Jack Wightman died about fifteen years ago and the dairy died too. Not that Jack being there was pivotal. On the contrary, in a way, it survived despite him. It was the halving of the price of bulk milk that killed that dairy and hundreds like it.
But the timing was right for Dot. All her children had left home except Kevin, the youngest so she became semi retired and lived off her ‘shop’. Beef cattle replaced the diary herd but she could never stop farming. Odd, considering how progressive she had been as a young woman, she reverted to methods used by her parents and grandparents. I suspect she understood about carbon footprints long before anyone uttered that phrase. She was smart and she was wise and she walked the walk
Around the house, that had no hot water, no kitchen sink and no water supply except one old steel tank, she grew her veggies and bred her ducks, chooks and the occasional turkey. Duck eggs and fowl eggs were placed under bantam mothers to hatch, because ‘bantams make the best mothers’ so around the yard wandered a motley mixture of species that seemed happily unaware they were being manipulated by the wily old woman who fed them. She was a true farmer who understood her animals and plants like nobody I knew.
Born in the farmhouse, she grew up there and took over the main role when her father died, buying a Grey Ferguson tractor in 1947, probably the first in the valley. When she went to high school, Jack was the school bus driver and Dot was his passenger. Some in the community never fully forgave him for marrying Dot, much younger, pretty as a picture and heir to the property. They said the roles were reversed when he moved in. He became the passenger.
But Jack, whatever some thought of him, helped her to the end. I say helped, because Dot was always the boss.
Her children, all five were bright and some super bright like Heather who studied mathematics and became a computer whiz and trouble shooter for BHP. But before she became too busy, she worked for me.
I met Dot at a community meeting where in those days she seemed to be the secretary of everything and asked if she knew any kids interested in zucchini picking, so she sent me Heather. Heather was not only a top student, she was a top worker as were all Dot’s children and every one of them worked for me at one time or another except John the eldest who I didn’t meet until his mother’s funeral a few weeks ago.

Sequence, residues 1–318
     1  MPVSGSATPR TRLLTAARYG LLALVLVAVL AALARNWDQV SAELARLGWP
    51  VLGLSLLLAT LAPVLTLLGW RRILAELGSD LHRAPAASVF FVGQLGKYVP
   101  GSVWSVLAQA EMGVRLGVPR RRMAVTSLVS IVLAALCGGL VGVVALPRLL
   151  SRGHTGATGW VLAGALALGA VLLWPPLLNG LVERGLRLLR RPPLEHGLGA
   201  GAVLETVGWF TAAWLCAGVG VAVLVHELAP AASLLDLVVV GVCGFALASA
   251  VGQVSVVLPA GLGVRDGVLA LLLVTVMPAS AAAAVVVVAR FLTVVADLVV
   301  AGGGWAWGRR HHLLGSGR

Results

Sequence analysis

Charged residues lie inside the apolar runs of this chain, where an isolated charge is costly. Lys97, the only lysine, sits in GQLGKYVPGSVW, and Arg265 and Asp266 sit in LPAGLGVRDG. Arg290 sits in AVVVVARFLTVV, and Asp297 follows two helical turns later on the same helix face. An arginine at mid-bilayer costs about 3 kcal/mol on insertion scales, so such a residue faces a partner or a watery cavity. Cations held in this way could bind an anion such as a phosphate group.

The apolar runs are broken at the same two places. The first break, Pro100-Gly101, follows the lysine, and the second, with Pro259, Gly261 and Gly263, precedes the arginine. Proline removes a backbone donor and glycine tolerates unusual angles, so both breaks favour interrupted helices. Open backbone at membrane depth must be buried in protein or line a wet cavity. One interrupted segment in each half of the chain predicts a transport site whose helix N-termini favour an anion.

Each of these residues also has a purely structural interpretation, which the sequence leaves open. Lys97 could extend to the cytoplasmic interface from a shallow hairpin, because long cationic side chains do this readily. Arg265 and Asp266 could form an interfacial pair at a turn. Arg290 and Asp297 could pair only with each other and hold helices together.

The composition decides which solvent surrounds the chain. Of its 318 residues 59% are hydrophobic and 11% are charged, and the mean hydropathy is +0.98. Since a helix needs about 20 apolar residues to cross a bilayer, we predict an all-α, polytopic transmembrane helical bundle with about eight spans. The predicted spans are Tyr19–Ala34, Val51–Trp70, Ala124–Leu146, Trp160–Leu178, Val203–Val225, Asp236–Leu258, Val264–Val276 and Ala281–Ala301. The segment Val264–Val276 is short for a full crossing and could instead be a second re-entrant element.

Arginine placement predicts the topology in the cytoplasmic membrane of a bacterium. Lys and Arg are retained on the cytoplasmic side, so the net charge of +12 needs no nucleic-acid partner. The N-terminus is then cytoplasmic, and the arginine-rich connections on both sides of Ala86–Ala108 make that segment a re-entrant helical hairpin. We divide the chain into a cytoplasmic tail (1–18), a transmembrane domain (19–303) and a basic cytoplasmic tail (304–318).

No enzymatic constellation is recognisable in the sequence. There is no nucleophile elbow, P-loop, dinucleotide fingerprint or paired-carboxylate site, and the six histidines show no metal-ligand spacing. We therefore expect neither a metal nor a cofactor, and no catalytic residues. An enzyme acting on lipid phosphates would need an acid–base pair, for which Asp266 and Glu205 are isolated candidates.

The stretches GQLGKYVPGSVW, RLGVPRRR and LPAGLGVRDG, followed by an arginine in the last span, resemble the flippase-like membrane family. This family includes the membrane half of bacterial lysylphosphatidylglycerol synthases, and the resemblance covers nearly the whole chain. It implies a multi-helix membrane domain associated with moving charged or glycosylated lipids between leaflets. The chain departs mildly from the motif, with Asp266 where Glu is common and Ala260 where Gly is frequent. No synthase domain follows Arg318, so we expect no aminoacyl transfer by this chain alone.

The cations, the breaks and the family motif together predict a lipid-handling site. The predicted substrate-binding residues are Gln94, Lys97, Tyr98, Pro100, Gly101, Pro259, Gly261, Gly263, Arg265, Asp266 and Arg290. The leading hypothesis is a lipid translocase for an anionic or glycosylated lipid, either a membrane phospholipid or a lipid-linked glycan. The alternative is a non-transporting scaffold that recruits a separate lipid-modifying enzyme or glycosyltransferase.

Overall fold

A couple of acres of zucchinis is easy to plant but takes a lot of picking and needs picking every day, so I asked the kids to see if they could find some more pickers. Next day, Kevin, Dot’s youngest turned up with two mates so I put each newcomer with an older person to learn the ropes and we got on with it.
After a while, I sensed something was wrong and looked up to see one lad throw a zucchini at another, so I warned him. All seemed to go well for a while until I found another of the three hiding in the vines and lobbing some big ones at another kid then all three started an all out war with my precious Zucchinis as ammunition.
I had no option but to send them home. Just as they walked off Jack and Dot strolled onto the paddock. They stopped for a minute to watch Kevin leaving with the other kids then came on to where I was working.
‘Nearly finished?’ asked Jack.
I looked across the paddock at the acres yet to be picked.
‘No mate, nowhere near finished, but I had to send the boys home.’
‘What happened?’ asked Dot.
‘They were throwing fruit at each other. I warned them a couple of times, but they kept buggerisin' around, so I had to send them home. Sorry.’
Jack was silent for a moment. He took a long look at the departing boys, still pushing each other, laughing and playing as they went, then turned back and offered me this little gem.
‘You know, if yer get a boy, yer got a boy. If yer get two boys, yer got half a boy and if yer get three boys, yer got no boys at all!’
Pic borrowed from here.